EuroSys 2006
Conference paper

K42: Building a complete operating system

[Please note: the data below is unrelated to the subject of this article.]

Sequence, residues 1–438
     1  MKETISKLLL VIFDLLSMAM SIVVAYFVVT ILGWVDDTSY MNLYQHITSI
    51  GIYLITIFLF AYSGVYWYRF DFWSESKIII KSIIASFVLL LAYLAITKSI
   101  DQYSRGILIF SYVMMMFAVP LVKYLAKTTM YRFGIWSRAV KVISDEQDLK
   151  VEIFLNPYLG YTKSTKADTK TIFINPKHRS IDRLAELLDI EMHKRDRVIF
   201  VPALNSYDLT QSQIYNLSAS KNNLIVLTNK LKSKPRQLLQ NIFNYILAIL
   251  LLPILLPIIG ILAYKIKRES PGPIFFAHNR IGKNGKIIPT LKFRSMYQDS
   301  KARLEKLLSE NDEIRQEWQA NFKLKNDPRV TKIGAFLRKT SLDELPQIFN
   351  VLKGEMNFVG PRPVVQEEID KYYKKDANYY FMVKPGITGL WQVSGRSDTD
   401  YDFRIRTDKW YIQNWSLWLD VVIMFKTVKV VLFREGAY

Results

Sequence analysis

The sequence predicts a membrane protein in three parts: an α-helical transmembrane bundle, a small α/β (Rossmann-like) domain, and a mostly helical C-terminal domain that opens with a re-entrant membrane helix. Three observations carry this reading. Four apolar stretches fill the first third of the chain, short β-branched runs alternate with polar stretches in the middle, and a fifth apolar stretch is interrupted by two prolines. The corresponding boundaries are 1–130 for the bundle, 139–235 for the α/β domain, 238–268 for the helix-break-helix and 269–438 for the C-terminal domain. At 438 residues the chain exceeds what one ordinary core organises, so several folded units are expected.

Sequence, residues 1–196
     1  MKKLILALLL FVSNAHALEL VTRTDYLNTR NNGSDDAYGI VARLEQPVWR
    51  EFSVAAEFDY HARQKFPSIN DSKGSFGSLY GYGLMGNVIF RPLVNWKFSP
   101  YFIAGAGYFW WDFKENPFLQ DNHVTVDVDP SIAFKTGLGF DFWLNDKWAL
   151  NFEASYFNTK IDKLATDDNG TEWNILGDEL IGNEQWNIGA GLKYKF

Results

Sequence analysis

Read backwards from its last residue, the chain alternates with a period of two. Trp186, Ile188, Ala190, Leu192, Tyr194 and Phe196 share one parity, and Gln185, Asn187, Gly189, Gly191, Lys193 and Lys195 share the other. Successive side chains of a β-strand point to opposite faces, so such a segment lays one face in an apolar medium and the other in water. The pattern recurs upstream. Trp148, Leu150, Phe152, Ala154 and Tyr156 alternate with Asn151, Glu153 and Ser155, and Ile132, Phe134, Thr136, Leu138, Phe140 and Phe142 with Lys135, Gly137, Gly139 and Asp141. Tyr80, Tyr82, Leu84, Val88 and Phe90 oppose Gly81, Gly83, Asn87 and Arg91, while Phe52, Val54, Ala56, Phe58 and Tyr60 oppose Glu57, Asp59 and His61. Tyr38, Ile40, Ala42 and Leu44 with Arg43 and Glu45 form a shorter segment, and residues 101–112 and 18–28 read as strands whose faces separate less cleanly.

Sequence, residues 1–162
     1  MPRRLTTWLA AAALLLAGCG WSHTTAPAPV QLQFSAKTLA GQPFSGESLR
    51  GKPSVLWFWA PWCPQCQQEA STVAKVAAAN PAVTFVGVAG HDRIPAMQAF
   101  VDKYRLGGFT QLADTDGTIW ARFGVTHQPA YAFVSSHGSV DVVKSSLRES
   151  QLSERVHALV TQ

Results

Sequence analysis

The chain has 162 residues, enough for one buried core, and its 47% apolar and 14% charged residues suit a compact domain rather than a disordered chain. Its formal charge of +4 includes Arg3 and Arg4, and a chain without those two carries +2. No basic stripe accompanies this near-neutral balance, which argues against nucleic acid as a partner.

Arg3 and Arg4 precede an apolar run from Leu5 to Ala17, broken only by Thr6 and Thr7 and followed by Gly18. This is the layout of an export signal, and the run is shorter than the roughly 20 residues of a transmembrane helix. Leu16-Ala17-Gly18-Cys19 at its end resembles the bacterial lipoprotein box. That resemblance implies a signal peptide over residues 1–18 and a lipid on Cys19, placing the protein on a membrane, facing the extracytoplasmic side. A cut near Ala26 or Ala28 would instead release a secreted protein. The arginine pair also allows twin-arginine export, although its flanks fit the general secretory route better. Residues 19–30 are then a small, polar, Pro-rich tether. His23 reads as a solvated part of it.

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K42 is one of the few recent research projects that is examining operating system design structure issues in the context of new whole-system design. K42 is open source and was designed from the ground up to perform well and to be scalable, customizable, and maintainable. The project was begun in 1996 by a team at IBM Research. Over the last nine years there has been a development effort on K42 from between six to twenty researchers and developers across IBM, collaborating universities, and national laboratories. K42 supports the Linux API and ABI, and is able to run unmodified Linux applications and libraries. The approach we took in K42 to achieve scalability and customizability has been successful.The project has produced positive research results, has resulted in contributions to Linux and the Xen hypervisor on Power, and continues to be a rich platform for exploring system software technology. Today, K42, is one of the key exploratory platforms in the DOE's FAST-OS program, is being used as a prototyping vehicle in IBM's PERCS project, and is being used by universities and national labs for exploratory research. In this paper, we provide insight into building an entire system by discussing the motivation and history of K42, describing its fundamental technologies, and presenting an overview of the research directions we have been pursuing.